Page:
British commandos with automatic rifles peer from foxholes. Behind them, Scorpion tanks lumber onto a ridge, where Rapier antiaircraft missiles scan the sky. A Lynx helicopter hovers above, spotting enemy positions.
The scene could have been from the Falkland Islands war. Instead, it was staged 120 miles southwest of London in the rolling hills of the English countryside, where prospective buyers from 100 countries could view a demonstration of the weapons that won the South Atlantic conflict.
The biannual weaponry show, staged jointly by the government and Britain's influential arms industry, was planned months before the Falklands conflict ignited. But defense officials concede that the war has triggered a significant increase in interest in British arms. They are stressing the Falklands connection in hopes of boosting Britain's share of the world arms market as a lucrative spinoff of the war.
Defense Secretary John Nott opened the week-long exhibition yesterday by invoking the Falklands triumph and giving some of the credit to British-built weapons.
"I believe the history of the Falklands campaign will show it to be one of the most remarkable military achievements this century," Nott said, adding that the low casualty rate of British soldiers was "a tribute not only to them but also to their equipment."
Prospective buyers have been intrigued. Defense officials say the most interest has been in equipment made famous in the Falklands, from Arctic clothing and footwear, to the Scorpions, which crossed the bogs of East Falkland Island in a few days, to the Rapiers, credited with shooting down dozens of Argentine Mirage and Skyhawk warplanes.
"It's only human nature that they want to see the stuff they've read about," said Jeremy Baldwin, a spokesman for the Ministry of Defense. "There's undoubtedly an increase in interest, but whether they'll buy remains to be seen."
Britain currently is the West's third-ranking arms exporter, behind the United States and France. The British sold $2.5 billion last year to 90 countries, and this week's exhibit at the village of Aldershot of booths from nearly 300 British arms makers is designed to help increase that figure.
The British will not discuss the countries to which they sell, but officials concede that Argentina was a long-time customer, a situation that produced some bitter ironies for British forces on the Falklands. British warships were bombed by British-built Canberra bombers dropping bombs also made in England. The first Harrier shot down over Stanley, the capital of the Falklands, was destroyed by a British-made Tigercat missile. Type-42 destroyers manufactured by Vickers Shipbuilding and Engineering Ltd, were a major component of the Argentine fleet.
The irony has not been lost on opposition members of Parliament. Labor Party leader Michael Foot repeatedly has denounced what he calls the "absolute obscenity" of selling arms to Argentina and other Third World dictatorships. Liberal Party leader David Steel has called for a parliamentary inquiry into arms sales, with an eye toward a possible ban.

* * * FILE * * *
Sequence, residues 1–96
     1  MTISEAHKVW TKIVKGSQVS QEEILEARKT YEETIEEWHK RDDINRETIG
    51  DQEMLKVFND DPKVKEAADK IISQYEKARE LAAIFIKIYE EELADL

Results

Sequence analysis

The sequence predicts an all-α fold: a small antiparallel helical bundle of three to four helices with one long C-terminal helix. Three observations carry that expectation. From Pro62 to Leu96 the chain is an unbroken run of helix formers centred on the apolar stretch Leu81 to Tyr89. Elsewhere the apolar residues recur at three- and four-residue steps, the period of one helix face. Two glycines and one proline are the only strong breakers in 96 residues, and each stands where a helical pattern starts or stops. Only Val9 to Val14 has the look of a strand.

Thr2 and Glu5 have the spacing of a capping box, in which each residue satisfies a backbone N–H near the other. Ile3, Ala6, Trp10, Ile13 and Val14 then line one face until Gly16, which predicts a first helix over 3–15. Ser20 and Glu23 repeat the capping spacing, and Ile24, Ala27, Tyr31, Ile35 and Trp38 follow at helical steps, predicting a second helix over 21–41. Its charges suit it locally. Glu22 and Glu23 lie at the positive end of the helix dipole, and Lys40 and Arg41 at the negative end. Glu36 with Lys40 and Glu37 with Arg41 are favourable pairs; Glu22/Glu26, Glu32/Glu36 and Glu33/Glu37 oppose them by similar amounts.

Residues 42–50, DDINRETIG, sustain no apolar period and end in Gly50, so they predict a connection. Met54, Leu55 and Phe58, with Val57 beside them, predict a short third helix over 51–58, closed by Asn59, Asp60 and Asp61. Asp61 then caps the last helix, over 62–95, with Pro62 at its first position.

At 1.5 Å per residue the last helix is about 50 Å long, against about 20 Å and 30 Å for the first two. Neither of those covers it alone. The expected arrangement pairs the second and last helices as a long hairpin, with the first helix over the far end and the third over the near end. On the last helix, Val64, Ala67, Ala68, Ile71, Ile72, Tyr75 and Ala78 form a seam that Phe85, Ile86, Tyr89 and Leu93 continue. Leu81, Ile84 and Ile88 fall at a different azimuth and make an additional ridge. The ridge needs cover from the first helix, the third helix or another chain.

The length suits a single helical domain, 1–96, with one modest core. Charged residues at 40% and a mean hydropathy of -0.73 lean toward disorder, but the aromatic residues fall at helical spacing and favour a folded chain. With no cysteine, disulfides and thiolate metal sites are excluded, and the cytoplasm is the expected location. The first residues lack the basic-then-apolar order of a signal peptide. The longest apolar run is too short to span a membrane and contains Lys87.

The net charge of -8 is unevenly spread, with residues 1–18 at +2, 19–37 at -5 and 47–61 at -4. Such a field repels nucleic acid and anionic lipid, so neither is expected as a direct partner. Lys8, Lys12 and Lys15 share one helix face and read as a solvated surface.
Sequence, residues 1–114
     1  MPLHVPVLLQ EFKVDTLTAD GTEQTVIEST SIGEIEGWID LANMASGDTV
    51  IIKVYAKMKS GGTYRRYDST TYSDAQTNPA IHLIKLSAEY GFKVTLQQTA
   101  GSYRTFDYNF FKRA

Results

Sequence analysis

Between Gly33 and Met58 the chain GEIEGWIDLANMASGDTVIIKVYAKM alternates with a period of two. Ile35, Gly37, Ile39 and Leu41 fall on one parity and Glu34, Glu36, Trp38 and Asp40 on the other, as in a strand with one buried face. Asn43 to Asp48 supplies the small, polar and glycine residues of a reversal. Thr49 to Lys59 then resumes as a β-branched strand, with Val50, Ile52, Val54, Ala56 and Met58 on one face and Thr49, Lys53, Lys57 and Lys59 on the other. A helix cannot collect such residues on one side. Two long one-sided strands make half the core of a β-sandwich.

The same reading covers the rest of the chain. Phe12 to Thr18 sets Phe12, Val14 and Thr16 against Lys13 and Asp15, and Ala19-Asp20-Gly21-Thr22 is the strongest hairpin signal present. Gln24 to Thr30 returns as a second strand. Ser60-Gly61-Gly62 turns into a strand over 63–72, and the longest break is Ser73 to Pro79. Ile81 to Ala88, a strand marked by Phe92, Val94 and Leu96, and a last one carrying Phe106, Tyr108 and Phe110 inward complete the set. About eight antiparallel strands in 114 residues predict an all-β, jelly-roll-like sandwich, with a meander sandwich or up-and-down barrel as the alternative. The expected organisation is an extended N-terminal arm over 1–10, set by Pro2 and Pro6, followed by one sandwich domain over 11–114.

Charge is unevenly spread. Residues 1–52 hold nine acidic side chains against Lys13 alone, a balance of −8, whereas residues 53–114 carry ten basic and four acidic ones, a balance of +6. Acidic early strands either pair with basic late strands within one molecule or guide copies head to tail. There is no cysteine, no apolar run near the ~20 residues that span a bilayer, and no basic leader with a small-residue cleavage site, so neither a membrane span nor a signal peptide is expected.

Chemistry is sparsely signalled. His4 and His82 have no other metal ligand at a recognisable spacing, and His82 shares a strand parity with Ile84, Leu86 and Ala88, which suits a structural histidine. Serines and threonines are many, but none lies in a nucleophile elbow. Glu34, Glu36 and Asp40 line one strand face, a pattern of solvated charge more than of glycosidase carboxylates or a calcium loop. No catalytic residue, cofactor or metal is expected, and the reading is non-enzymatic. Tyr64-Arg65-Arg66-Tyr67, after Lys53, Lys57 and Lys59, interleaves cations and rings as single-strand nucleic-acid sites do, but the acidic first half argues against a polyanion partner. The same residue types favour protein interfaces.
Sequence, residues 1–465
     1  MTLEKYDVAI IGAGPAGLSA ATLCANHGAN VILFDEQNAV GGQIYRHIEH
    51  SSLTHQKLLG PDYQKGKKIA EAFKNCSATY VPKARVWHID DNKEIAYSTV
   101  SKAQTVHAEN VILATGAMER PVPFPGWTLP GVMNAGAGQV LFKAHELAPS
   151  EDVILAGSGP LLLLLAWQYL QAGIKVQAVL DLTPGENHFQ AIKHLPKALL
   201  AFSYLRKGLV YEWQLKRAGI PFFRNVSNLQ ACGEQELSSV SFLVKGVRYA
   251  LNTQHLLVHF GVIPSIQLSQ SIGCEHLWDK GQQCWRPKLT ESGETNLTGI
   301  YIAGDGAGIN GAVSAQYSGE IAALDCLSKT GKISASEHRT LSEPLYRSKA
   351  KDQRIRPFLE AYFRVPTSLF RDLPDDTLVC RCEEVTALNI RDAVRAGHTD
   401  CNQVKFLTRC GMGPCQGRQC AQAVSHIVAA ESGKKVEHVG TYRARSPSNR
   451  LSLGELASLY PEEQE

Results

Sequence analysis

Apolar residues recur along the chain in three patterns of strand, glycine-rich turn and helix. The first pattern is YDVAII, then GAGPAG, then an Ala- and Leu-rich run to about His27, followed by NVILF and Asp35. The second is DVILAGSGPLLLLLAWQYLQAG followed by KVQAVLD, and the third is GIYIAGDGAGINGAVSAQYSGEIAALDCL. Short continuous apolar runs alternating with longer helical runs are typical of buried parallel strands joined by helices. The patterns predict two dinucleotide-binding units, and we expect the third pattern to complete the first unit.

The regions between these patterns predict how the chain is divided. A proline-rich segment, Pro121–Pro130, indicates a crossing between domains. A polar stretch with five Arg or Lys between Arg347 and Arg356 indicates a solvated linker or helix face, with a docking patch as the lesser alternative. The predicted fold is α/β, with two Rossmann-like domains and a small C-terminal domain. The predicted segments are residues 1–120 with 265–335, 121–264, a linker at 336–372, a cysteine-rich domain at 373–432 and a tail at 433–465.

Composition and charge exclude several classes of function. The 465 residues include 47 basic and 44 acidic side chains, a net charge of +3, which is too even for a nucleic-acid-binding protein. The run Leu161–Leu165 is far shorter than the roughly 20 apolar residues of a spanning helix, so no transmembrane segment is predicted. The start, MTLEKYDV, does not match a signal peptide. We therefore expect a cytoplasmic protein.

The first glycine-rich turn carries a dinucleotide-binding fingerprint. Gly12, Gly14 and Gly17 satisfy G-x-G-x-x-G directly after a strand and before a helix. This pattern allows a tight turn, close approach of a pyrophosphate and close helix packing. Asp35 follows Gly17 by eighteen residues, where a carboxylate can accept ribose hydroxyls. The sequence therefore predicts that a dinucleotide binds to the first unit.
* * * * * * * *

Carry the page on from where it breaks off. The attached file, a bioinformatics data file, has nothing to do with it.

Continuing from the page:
None of this has deterred the government. Nott, a former officer with the Gurkhas who posed wielding a light machine gun for photographers yesterday, said Britain has to seek foreign sales because the demand from its own armed services is not adequate to support the nation's extensive defense industry.
Former brigadier Dick Purvis, director general of the Defense Manufacturers Association, a trade group of more than 300 companies, put the issue in a different perspective.
"We don't live in a perfect world, unfortunately," he told the Observer newspaper. "I am afraid that if we do not sell overseas, then someone else will."
The exhibition at Aldershot is closed to the public. Defense officials say the restriction is designed to protect foreign arms customers from unwanted publicity or the embarrassment of having their neighbors discover they are shopping for arms.
There are reported to be dozens of African and Asian countries here, as well as Britain's European allies. Despite frosty relations over the Falklands, several Latin American nations are here as well, including Brazil, which reportedly is considering the Rapiers.
No sales are allowed at the hall, but Barclay's Bank has its own booth, at which governments can discuss loan terms and credit arrangements.
The press was invited to today's demonstration of mobility and firepower, conducted near this country village just a few miles from the English Channel. Hundreds of prospective customers jammed three reviewing stands and afterward examined the equipment.
In the morning, battlefield conditions were simulated on hilly and muddy terrain, traversed by a large array of armored vehicles.
The afternoon was devoted to a display of firepower from the entire armored fleet but starring the same light artillery used to pound Argentine positions at Goose Green and Stanley.
At one point, 30 white barrels were set up to simulate an attacking ground force. Two Chieftain tanks fired antipersonnel canisters at the barrels, all of which were neatly punctured. Red paint, used to simulate blood, poured from each barrel.
"I think you'll agree that the effect is impressive," said the show's announcer. There was polite applause from the audience.